Steve Monaghan, president of the Louisiana Federation of Teachers in Baton Rouge, says the bills don’t have much chance of passing this year, but he doesn’t see the issue going away any time soon. “I think it becomes a staging for the next regular session,” he says. “So we may have some dress rehearsals that are going to be very spirited debate in committees over this issue, and again it makes me very concerned that, why are we doing that?”
Monaghan finds Pastorek’s proposals to be a large distraction over some of the more pressing issues facing public education in the state.
“I don’t think the bills as proposed are going to get out [of committee],” he says. “It may very well serve the purpose of some who want to paint a picture that the real problem in education is local governance, and this will keep us kind of dancing around that issue rather than looking at the problems in public education as they’re related to the greater whole of the community.
1 Louisiana’s rank among the 50 states and District of Columbia for high school drop out rate (7.9% for Louisiana compared to a national average of 3.9%)
5 Louisiana’s rank for percentage of residents 25 or older without a high school diploma (19.5% versus 15.8% national)
7 Louisiana’s rank for the percentage of 8th graders reading at the “below basic” level (36% versus 27% national)
48 Louisiana’s rank for the percentage of 4th graders reading at or above the basic level (52% versus 66% national)
6 Louisiana’s rank for the percentage of 4th graders with “below basic” math skills (27% versus 19% national)
source: National Center for Education Statistics
$50 per meeting ($200 per month max) plus travel reimbursements.
It removes the profit motive for serving; a board member should care about education, not about padding his or her pockets.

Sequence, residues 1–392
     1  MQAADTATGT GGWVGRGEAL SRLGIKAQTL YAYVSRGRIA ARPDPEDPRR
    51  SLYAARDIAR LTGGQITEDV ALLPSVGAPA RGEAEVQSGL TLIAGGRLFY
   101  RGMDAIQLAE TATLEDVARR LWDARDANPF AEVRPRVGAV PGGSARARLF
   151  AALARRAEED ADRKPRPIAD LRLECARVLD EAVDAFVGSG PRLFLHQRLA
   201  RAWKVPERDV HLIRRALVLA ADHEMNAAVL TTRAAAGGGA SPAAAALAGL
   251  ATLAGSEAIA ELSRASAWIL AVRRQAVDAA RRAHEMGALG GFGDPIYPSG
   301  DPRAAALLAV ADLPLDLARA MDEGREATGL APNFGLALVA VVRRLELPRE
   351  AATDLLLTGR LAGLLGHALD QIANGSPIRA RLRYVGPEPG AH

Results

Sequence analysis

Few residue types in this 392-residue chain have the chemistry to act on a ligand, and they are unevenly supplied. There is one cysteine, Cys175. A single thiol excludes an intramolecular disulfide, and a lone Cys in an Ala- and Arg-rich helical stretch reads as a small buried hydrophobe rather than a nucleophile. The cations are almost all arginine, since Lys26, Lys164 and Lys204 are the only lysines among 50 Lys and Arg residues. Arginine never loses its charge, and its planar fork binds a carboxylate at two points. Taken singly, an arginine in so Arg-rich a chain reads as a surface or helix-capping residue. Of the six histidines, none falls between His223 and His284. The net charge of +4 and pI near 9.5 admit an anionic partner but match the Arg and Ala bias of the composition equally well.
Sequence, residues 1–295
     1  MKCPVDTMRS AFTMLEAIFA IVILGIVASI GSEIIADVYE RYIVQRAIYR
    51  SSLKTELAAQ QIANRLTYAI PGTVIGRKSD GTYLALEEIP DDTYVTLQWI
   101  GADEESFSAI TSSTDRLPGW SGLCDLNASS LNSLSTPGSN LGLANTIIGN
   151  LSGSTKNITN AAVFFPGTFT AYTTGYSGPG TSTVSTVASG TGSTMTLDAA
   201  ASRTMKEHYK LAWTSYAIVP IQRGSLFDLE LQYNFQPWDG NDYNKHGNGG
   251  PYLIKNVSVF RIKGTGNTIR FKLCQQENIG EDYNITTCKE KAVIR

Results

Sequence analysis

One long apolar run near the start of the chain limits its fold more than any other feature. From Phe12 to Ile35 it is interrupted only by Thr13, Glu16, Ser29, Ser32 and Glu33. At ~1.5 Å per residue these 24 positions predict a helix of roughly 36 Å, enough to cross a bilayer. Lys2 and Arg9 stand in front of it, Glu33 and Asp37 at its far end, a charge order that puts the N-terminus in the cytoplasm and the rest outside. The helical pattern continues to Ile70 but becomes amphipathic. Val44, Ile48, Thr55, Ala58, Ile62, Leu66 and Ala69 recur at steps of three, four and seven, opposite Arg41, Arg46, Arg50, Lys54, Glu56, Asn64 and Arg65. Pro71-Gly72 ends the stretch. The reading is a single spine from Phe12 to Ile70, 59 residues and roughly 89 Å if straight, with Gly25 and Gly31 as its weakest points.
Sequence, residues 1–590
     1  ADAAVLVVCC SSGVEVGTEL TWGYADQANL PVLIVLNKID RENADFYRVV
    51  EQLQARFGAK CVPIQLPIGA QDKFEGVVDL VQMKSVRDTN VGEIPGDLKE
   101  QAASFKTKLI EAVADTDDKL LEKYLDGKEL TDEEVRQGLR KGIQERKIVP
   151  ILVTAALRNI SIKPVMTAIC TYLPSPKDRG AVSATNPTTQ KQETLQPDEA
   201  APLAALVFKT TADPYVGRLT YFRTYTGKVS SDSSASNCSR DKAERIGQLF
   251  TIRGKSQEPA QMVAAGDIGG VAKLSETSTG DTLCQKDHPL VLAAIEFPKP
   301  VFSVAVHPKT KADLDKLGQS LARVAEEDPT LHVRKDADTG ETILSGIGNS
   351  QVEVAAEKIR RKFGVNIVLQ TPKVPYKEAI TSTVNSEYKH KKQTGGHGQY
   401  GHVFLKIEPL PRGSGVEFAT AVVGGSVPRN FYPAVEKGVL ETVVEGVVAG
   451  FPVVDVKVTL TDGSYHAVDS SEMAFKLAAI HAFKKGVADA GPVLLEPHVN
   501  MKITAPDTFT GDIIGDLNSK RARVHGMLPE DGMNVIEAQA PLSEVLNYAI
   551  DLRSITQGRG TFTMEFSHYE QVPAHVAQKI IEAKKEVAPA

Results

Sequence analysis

People of modest means can barely afford to serve now. Slashing compensation would reduce board membership to the retired and the affluent.
Three terms and you’re out.
Serving on a school board should not be a career; make room for fresh blood and fresh ideas.
Term limits would also eliminate great school board members.
Superintendents have total control of personnel matters (hiring and firing) and they themselves can only be hired or fired by two-thirds majority vote of the school board.
Boards should focus on policy, not personnel. A super-majority would give superintendents a vote of confidence when hired and the support to pursue goals without fear of being fired.
This erodes checks and balances within the school system and consolidates too much power with the superintendent, who is not an elected official.
Since superintendents are in charge of personnel, their immediate family members cannot work in
their school district.
This merely tweaks and reinforces existing ethics laws and eliminates conflicts of interest for superintendents.
Preventing family members of superintendents from working in the school system as teachers could have a devastating impact on rural parishes where teachers are in short supply.